Posted by: Ben Vickers on November 8, 2011
Slovakia shows the strain the debt crisis has imposed on euro member governments. Prime Minister Iveta Radicova’s political career has been upturned by the latest bailout plans. The Slovak leader, whose coalition came to office in mid-2010, lost a confidence vote last month linked to the euro-zone’s rescue fund, forcing lawmakers in Bratislava to change the country’s constitution to allow her to stay on as caretaker PM until elections are held in March.
The EU may find it more difficult to answer critics who say the bloc is undermining member states’ sovereignty, especially in smaller countries that carry less weight in EU decisions. The Slovakian parliament approved the proposal to expand the European Financial Stability Facility, but not before a partner in the governing coalition had used the debate to bring down Radicova.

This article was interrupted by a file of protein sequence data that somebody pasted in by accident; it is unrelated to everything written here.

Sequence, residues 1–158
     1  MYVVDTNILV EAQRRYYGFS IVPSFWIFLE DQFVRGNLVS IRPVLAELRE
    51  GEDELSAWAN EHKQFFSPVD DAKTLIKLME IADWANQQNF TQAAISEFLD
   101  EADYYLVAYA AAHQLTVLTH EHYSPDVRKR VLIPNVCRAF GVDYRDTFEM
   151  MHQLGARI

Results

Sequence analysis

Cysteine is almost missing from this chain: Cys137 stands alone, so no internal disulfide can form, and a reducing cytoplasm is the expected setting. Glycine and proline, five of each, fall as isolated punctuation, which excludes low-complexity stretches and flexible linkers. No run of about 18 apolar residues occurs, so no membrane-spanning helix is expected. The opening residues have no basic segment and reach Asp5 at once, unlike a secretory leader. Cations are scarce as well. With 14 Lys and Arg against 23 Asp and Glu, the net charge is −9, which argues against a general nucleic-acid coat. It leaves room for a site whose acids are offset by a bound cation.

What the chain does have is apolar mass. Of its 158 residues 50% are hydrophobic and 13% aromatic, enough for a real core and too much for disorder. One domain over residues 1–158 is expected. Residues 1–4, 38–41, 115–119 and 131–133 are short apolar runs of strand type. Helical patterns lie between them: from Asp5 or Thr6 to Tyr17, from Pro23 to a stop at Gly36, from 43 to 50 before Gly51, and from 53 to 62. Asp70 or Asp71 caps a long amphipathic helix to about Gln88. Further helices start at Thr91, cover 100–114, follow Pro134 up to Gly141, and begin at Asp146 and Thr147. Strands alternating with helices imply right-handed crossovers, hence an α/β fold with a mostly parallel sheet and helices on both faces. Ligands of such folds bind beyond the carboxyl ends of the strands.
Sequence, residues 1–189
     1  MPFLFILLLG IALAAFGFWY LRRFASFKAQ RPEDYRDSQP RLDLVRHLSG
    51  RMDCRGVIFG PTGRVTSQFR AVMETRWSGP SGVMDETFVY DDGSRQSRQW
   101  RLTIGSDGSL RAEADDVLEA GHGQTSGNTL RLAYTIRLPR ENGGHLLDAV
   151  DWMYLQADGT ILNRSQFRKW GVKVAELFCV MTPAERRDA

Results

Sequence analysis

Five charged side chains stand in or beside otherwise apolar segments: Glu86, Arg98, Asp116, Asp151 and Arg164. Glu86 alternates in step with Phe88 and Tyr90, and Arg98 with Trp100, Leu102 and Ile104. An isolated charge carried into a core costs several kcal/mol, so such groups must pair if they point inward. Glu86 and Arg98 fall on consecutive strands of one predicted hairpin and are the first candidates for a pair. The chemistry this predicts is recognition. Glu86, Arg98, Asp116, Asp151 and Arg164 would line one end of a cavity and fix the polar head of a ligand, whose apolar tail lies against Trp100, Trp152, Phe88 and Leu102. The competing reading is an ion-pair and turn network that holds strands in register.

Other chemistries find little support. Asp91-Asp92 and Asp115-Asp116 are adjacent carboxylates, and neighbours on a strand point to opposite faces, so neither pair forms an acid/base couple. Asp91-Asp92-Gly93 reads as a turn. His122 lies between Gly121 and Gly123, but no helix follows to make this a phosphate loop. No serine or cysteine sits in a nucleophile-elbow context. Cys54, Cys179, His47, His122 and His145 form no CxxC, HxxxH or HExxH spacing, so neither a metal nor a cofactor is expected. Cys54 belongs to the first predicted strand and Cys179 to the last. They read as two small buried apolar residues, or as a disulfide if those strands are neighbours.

Still, changes in national governments are unlikely to help improve the conditions of the bailout. The message from Brussels for smaller states in the EU is that there is only one route out of the debt crisis and that everyone is expected to toe the line. German Chancellor Angela Merkel said last month that euro-area members must accept a “clampdown at European level” if they fail to meet their commitments under deficit-reduction plans.
However, a further look at who is bearing the brunt of the euro bailout could well bolster the case of eurosceptics, causing more damage to the bloc than the parliamentray tussles seen so far. Slovakia, the second poorest member of the euro zone, for example, is paying or guaranteeing the equivalent of 11.7 percent of its GDP for the EFSF, Bloomberg’s Radoslav Tomek reports. Estonia, the poorest country in the euro, is taking on the equivalent of 13.9 percent of GDP. That compares with 8.5 percent of GDP for Germany and 8.2 percent of GDP for France.